At this point in time, everyone who works for an organisation is looking for inspiration, purpose and meaning at work. A re-alignment of values is going to be a powerful driver in harnessing the energy of your employees. We've seen organisations who have successfully applied their internal assets to contribute to solving societal challenges. However, we've also seen brilliant leaders just remove the barriers to help make change happen when inspired by their employees. The CEO of one large organisation, who shall remain nameless, used his external influence to knock down barriers in the outside world to drive through an internally developed idea that was outside their current business model, but led to the production of millions of units of PPE from a standing start. Seeing the surge of pride in employees for their company was worth more than any employee engagement exercise. Let your people know that you are open for ideas from within on how to pivot in this period. Your employees are full of incredible ideas and 'what if'? scenarios. They talk about them with each other constantly. It's the sort of innovation that companies have been longing to foster and this post COVID world gives us the chance to surface it.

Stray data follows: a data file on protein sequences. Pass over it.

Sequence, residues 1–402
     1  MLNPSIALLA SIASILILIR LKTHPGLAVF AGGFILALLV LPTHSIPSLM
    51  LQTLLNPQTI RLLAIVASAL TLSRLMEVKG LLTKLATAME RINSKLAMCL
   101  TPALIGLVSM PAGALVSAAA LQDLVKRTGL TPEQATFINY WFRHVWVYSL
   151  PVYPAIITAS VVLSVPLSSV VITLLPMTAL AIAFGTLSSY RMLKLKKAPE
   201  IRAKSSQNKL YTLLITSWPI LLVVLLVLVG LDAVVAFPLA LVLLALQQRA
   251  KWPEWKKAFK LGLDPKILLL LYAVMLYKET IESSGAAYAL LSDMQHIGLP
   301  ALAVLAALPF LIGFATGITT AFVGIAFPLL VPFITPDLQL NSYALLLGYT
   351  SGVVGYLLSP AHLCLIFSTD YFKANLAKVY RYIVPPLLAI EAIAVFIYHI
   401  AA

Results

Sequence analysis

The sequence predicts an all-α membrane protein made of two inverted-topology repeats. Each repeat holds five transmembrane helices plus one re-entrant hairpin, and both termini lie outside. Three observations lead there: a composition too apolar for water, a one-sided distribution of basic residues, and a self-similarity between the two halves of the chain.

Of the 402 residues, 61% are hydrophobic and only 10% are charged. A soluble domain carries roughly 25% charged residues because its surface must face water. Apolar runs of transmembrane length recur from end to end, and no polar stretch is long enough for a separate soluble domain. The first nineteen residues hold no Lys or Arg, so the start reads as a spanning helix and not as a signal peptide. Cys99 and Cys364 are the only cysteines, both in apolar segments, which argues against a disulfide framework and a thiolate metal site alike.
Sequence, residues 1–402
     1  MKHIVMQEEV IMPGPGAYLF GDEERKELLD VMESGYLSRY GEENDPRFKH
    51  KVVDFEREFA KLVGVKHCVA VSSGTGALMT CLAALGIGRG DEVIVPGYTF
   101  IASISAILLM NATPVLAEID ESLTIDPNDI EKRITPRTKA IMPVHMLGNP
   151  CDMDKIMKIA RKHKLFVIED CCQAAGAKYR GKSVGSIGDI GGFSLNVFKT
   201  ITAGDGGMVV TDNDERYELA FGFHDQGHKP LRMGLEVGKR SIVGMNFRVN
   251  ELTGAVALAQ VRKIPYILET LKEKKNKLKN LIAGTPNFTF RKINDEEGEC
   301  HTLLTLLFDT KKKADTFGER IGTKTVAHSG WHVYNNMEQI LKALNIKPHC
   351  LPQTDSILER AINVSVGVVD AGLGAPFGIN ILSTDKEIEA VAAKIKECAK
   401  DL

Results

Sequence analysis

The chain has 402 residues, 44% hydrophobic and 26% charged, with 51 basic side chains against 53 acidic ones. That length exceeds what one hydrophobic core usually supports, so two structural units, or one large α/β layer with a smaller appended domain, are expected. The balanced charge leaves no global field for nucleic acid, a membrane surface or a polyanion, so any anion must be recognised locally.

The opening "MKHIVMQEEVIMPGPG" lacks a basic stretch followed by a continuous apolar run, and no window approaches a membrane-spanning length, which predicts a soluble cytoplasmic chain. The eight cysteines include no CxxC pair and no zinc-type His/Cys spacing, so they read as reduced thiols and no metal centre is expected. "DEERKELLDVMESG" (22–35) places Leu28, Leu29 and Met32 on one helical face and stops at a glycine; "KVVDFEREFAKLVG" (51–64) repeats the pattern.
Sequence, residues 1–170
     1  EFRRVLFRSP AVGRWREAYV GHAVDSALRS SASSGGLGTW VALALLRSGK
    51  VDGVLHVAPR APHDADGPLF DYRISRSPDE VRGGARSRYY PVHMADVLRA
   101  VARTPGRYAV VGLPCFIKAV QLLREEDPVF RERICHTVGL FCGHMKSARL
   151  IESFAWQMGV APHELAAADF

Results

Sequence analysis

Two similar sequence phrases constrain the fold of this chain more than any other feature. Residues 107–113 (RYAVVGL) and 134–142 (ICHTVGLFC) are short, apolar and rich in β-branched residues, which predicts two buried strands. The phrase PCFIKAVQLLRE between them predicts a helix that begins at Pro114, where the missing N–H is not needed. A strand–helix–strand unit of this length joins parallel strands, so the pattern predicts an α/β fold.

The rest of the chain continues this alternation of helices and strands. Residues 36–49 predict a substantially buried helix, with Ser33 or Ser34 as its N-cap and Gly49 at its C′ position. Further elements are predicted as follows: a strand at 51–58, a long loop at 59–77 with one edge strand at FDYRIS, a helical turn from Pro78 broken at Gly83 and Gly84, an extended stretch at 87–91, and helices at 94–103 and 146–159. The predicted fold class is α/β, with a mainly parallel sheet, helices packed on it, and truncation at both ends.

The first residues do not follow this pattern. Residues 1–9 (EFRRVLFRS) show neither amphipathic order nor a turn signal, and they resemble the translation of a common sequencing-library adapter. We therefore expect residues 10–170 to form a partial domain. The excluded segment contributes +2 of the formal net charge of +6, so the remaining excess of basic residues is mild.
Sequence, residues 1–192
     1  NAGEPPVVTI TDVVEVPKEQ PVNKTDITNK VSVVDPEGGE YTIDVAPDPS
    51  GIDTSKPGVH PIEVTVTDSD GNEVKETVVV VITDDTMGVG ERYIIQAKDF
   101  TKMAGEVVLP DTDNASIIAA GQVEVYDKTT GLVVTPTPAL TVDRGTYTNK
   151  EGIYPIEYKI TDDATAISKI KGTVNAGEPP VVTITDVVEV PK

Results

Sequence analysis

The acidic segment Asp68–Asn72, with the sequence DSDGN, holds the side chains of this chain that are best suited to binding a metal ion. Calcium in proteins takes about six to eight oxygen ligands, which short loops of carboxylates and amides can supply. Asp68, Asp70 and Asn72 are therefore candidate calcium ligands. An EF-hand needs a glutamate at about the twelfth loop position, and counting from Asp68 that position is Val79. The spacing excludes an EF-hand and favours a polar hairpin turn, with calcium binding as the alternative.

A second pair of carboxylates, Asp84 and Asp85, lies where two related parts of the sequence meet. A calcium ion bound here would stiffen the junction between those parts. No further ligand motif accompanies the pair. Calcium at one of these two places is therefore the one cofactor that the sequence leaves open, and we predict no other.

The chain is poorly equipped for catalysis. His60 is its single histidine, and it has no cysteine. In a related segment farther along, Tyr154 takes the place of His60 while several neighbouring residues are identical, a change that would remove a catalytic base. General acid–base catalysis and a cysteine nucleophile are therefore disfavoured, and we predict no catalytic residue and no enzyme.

We’re always happy to talk about these learnings and so if you’re interested in finding out more then click or simply like our article. We plan to provide more insights over the coming weeks and in particular let you know about a new behaviour change framework that we've designed for commercial impact to drive value. Also let us know what’s worked for you and the challenges you’ve faced within your business in trying to navigate these difficult times. We’re always keen to help and collaborate.